Syphilis-ridden 18th century mummy is relative of Boris Johnson
A syphilis-ridden 18th century mummy dug up from a Swiss church is the great-great-great-great-great-great-great grandmother of Boris Johnson, it has emerged.
The body was uncovered in 1975 during renovations on Basel's Barfusser Church, but her identity has remained a mystery for more than 40 years.
Known as 'Switzerland's most famous mummy', the woman was buried in front of the altar, and found wearing expensive clothes, with no signs of malnutrition, suggesting she had been wealthy.
The body survived in a mummified state because she had died of mercury poisoning which had preserved the corpse. But there was no gravestone, or plaque to say who she was, or even when she had been interred.
Scientists from the Natural History Museum of Basel initially thought that the body was from the 16th century because of the wooden coffin, but a chance discovery of new archives last year, revealed that mummy had been discovered once before, in 1843, and linked to the wealthy Basel family the Bischoff's.
To be sure, researchers extracted DNA from the mummy's big toe and compared it to genetic material from a modern relative Rosemary Probst-Ryhiner.
Not only was it a match, showing that the woman must have been a Bischoff, but further archival research showed she was Anna Catharina Bischoff, who died in 1787, a direct maternal ancestor of British Foreign Secretary Boris Johnson.
Anthropologist Gerhard Hotz, of the Natural History Museum Basel, said: "Thanks to state-of-the-art analysis, we were able to solve the puzzle after years. What was her name? Who was she? And how did she die?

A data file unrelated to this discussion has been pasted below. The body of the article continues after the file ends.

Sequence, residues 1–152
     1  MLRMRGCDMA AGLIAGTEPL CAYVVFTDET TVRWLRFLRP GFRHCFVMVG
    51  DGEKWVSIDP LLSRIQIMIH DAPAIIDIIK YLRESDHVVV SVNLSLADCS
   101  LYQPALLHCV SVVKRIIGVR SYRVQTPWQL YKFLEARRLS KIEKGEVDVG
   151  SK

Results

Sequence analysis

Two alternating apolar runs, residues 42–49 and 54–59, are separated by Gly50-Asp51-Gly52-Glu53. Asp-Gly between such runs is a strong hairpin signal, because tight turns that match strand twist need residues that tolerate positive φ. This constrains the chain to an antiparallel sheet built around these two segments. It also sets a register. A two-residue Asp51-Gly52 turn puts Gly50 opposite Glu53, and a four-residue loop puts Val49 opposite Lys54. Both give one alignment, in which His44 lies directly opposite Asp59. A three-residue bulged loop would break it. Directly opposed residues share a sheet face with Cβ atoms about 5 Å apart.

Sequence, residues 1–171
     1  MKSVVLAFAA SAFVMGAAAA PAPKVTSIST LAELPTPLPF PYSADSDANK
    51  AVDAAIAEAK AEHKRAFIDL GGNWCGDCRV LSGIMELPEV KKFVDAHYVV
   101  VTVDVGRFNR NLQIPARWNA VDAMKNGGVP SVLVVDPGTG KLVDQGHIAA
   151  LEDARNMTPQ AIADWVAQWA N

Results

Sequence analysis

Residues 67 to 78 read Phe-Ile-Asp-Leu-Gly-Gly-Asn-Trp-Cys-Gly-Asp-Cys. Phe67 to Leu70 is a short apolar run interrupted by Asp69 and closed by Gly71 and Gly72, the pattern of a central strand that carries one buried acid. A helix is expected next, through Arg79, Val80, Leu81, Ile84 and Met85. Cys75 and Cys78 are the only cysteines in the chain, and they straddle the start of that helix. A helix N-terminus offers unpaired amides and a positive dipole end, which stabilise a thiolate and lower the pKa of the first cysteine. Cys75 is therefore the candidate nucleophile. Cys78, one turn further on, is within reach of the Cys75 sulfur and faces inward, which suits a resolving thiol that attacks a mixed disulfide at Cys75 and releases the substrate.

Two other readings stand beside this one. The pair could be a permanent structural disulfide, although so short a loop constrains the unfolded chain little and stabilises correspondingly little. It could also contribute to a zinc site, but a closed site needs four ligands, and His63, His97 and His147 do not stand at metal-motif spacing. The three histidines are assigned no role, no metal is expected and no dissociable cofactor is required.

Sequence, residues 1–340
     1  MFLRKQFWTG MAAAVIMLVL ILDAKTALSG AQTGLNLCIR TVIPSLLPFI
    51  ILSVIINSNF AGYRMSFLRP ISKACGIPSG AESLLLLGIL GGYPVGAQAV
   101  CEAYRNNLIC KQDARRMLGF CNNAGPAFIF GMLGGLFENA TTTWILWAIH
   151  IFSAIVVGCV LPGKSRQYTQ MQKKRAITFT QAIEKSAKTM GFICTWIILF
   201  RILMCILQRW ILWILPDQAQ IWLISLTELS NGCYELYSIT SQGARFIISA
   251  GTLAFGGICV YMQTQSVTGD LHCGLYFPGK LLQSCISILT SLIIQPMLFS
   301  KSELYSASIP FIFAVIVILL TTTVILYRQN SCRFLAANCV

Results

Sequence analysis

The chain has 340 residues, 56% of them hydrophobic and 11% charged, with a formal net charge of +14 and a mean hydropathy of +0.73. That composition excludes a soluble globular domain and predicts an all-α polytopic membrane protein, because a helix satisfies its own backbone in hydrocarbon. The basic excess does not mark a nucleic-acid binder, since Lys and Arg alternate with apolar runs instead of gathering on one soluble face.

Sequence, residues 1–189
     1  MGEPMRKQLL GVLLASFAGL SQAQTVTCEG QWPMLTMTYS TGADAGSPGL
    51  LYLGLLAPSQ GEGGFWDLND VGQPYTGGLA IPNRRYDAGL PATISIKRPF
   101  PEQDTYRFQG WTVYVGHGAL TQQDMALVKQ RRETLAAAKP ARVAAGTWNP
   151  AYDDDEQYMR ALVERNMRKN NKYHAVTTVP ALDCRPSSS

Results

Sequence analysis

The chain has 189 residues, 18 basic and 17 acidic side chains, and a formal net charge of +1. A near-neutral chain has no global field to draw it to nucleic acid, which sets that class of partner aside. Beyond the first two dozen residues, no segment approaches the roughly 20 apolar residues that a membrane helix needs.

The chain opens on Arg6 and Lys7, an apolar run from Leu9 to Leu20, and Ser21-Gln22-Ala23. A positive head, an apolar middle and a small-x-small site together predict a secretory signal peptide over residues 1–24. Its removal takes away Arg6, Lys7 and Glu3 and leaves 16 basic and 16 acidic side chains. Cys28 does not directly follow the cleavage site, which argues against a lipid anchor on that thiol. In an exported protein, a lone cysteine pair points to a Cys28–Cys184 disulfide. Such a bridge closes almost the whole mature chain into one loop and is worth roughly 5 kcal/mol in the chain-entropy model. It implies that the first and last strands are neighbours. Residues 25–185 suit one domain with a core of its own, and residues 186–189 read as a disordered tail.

"The final proof needed a relative."
Anna Catharina had seven children, including Anna who married Christian Hubert Baron Pfeffel von Kriegelstein. Her great-great grandaughter, Marie Luise von Pfeffel married Stanley Fred Williams and their daughter Irene, who Mr Johnson always referred to as 'Granny Butter' wed his grandfather Wilfred 'Johnson' Kemal.
The couple changed their name from Kemal to Johnson amid growing tensions with Turkey.
In the BBC programme 'Who Do You Think You Are?' Mr Johnson said his grandmother had spoken about her aristocratic ancestors, but nobody in the family believed her claims. He described the von Pfeffels as 'posh toffs'.
However, his Swiss relative had a more humble life. Anna Catharina married a church minister and spent most of her adult life living in Strasbourg. Researchers believe she may have contracted syphilis while caring for patients with sexually transmitted diseases while working in the French town.
On hearing of his new relation, Mr Johnson tweeted: "Very excited to hear about my late great grand 'mummy' - a pioneer in sexual health care. Very proud."
After the death of her husband she returned to Basel, and her body showed she had undergone extensive mercury treatments, which were thought to be a cure for syphilis at the time. However, the treatment proved more deadly than the disease, and it is probable that it killed her, scientists believe.
Yet the mercury also preserved and mummified her body, allowing researchers to find out her identify.
© Daily Telegraph London